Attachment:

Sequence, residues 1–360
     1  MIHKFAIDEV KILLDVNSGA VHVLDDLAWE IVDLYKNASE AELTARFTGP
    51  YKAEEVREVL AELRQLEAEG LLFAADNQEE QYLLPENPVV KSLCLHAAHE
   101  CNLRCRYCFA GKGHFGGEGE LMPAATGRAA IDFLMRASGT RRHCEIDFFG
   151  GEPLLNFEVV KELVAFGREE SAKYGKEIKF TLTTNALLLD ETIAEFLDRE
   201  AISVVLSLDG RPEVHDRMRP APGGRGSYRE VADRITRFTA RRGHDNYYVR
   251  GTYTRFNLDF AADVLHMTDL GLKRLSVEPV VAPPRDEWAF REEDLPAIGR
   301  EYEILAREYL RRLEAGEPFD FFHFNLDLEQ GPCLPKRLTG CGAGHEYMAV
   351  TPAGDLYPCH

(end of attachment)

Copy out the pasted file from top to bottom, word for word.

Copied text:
Sequence, residues 1–360
     1  MIHKFAIDEV KILLDVNSGA VHVLDDLAWE IVDLYKNASE AELTARFTGP
    51  YKAEEVREVL AELRQLEAEG LLFAADNQEE QYLLPENPVV KSLCLHAAHE
   101  CNLRCRYCFA GKGHFGGEGE LMPAATGRAA IDFLMRASGT RRHCEIDFFG
   151  GEPLLNFEVV KELVAFGREE SAKYGKEIKF TLTTNALLLD ETIAEFLDRE
   201  AISVVLSLDG RPEVHDRMRP APGGRGSYRE VADRITRFTA RRGHDNYYVR
   251  GTYTRFNLDF AADVLHMTDL GLKRLSVEPV VAPPRDEWAF REEDLPAIGR
   301  EYEILAREYL RRLEAGEPFD FFHFNLDLEQ GPCLPKRLTG CGAGHEYMAV
   351  TPAGDLYPCH